mackknopf: (Celtic Cross)
[personal profile] mackknopf
 I am considering going to a talk at the downtown Birmingham Public Library next Wed. to hear a Holocaust survivor speak (while there are still living ones to listen to).  Of course, she was seven years old at the time, so I don't know what her memory is like now. But I'm interested.  Let me know if anyone in the area wants to stop by with me).  Some of my feelings on human nature were formed at an early age (along with my desire to keep a journal) when I read The Diary of Anne Frank.  Everything I've learned and observed since then has taught me that while humanity's capacity for doing good may be almost infinite, so is the ability to do evil.

Some people in modern American culture do not seem comfortable with the concept of labeling actions as "evil," or even using the softer word "wrong."  I have less trouble, which leads my mother to often charge me with wanting simple solutions to complex problems.  While I agree that in life, there are many shades of grey, there are behaviors and actions that I have little problem with labelling right or wrong.  Granted, I have more trouble with right.  For that, see the problems of unintended consequences, meddling, and the winners writing the history books.

However, the concept of evil for me is more sharply defined than Supreme Court Justice Potter Stewart’s definition of obscenity – famously, "I know it when I see it" (1964).  To paraphrase another quote, this time by modern fantasist and novelist Terry Pratchett (no accredited ethicist but a sharp observer of human nature), evil begins with treating people as objects and goes on from there.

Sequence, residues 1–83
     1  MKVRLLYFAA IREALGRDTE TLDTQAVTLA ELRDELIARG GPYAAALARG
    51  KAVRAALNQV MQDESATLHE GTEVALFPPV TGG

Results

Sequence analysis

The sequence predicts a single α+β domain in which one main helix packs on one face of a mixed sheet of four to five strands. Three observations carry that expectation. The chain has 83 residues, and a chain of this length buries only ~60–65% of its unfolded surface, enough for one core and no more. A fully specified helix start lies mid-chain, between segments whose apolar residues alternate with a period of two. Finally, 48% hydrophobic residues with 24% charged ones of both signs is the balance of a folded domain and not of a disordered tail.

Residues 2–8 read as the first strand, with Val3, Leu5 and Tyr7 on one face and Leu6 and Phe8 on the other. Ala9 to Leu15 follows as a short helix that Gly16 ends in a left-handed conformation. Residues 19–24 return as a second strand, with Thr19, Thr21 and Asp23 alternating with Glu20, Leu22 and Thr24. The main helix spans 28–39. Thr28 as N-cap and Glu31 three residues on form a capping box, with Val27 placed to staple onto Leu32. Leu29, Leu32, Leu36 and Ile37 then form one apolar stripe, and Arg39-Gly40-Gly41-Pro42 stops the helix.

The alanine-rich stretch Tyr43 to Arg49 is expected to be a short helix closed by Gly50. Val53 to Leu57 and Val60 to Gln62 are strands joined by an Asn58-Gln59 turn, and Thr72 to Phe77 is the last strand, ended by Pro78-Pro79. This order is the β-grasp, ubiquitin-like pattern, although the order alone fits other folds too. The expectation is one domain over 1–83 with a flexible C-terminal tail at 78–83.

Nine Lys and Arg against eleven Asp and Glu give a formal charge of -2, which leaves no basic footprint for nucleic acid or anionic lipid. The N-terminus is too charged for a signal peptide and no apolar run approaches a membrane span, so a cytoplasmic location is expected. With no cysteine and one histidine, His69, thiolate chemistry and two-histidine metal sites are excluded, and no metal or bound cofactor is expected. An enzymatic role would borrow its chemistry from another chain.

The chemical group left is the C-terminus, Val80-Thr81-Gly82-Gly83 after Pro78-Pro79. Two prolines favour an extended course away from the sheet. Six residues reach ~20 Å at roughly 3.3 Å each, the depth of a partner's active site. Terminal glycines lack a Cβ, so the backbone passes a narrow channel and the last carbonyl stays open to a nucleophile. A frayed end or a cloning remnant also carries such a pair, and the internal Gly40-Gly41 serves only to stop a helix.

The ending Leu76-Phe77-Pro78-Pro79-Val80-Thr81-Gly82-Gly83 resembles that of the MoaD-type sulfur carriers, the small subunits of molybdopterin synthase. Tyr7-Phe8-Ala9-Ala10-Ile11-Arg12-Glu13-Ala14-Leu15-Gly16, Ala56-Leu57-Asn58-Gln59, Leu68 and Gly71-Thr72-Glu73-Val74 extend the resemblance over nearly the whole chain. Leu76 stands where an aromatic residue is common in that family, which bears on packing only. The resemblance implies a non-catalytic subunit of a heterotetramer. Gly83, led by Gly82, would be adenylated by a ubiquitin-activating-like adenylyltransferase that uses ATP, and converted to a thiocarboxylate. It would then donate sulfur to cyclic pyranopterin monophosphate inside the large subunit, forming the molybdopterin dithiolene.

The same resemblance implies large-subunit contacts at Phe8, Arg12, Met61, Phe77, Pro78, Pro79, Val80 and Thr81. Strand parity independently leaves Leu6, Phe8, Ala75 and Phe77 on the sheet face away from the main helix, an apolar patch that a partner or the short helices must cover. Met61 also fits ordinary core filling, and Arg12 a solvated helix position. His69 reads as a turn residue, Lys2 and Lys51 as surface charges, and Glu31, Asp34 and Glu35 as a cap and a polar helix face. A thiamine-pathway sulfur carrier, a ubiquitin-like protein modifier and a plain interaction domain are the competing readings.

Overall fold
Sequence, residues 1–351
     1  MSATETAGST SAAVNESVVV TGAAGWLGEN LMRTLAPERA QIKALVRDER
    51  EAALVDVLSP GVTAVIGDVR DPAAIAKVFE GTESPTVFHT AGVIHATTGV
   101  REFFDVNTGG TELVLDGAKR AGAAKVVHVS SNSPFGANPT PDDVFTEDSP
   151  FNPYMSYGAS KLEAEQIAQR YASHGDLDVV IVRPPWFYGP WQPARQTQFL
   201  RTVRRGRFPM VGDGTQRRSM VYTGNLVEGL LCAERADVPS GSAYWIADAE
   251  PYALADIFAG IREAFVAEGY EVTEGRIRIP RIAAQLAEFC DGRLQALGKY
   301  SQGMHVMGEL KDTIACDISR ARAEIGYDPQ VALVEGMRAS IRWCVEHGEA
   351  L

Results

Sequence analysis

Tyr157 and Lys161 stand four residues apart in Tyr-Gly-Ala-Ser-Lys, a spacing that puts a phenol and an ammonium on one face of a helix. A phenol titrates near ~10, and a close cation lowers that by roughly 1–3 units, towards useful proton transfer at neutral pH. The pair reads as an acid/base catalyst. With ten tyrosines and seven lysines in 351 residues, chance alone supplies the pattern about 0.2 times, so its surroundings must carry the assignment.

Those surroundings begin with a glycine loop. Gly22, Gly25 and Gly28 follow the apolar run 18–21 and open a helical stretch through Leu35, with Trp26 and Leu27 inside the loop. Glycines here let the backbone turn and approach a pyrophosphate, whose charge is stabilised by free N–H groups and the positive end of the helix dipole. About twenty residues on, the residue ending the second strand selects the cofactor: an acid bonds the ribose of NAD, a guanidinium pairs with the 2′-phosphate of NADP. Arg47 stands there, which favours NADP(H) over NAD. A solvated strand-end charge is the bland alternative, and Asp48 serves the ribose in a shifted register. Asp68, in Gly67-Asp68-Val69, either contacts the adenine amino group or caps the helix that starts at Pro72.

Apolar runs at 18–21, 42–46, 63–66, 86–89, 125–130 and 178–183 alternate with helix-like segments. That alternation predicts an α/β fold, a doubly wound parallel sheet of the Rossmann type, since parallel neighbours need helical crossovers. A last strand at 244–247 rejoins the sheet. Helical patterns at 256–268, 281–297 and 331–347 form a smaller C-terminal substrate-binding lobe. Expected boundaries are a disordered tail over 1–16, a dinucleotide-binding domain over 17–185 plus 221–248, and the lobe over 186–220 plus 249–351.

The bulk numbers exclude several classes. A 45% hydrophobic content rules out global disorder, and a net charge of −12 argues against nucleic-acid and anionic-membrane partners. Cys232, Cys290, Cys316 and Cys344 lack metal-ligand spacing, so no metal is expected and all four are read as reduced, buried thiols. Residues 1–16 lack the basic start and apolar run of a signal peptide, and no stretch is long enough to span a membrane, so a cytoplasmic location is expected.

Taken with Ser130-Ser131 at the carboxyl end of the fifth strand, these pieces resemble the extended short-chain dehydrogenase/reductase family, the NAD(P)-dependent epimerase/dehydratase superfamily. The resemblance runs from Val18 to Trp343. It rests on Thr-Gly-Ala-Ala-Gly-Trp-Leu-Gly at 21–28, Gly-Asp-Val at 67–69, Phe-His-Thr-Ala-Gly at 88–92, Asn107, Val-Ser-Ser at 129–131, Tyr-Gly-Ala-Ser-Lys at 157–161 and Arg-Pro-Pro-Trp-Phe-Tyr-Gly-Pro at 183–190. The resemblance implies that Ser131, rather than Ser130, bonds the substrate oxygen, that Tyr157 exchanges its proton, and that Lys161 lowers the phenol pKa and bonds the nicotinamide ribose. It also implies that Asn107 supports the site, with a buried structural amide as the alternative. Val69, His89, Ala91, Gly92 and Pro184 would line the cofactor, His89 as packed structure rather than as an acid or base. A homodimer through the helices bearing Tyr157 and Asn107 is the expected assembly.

I certainly agree that ethics and social mores (important rules, or taboos) differ in societies.  I had my Intro to Anthropology class at Berkeley to get me started on decades of survey, after all.  So while I am on some lesser matters a moral relativist,  I draw my lines somewhere.  I very badly want to start talking now about Buffy Summers and Batman’s moral justifications, but may lose my audience if I do so.

My Dad, on the contrary, doesn't think there are objective moral standards, or at least will not be pinned down on them in a conversation.  Last time I tried to debate this, he quoted "When in Rome, do as the Romans do" (390 AD. St. Augustine quoting St. Ambrose),  and went off to do the dishes. But it can be hard to figure out when Dad really believes something, and when he just would rather do the chores.

St. Ambrose's sentiment, of course is that if you want to fit in and get along, adopt the customs of local society.  So different places will have different laws as well.  I also observe that the Great Watchmaker (God) does not weigh in on the issue with a loud voice and obvious miracles anymore. If He speaks to us now, he is more subtle than ancient times.

Sometimes I wonder what Dad actually took away from Sunday School way back when as a Baptist in Warrior, Alabama, beyond a dislike of preachers preaching hellfire and damnation... He's what some would call "cynical." 

Mom's recent comment regarding both of us:  "Do you have to question everything?"

My answer:  "Why yes, yes we do..." 

God may or may not have given various ancient tribes commandments of morality and how to live (see Judaism, Islam, and Christianity, for instance).  If He did, there’s certainly a lot of heated debate about what he actually said and meant.  Therefore, despite officially being an Episcopalian, I tend to argue instead the concepts of “natural law” and “the social contract.”  Since the definition of natural law is almost as mutable a concept as that of “justice,” I shall stop here and continue in another essay.

*****

Re: the Wed. BPL Holocaust speaker:

Riva Hirsch was seven years old in 1941 when the Germans occupied her village in Bessarbia. She was arrested and sent to several work camps, including Luchinetz and Tolchin in the Ukraine. From Tolchin she was rescued by partisan troops and cared for by nuns in a convent, hidden in bunkers from 1943-1945 and finally liberated by Russian troops. Join us to hear her amazing story. Wednesday, March 21, noon, Central Library's Arrington Auditorium.

Remembering the Holocaust is produced in cooperation with the Birmingham Holocaust Education Center.

 

 

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March 2012

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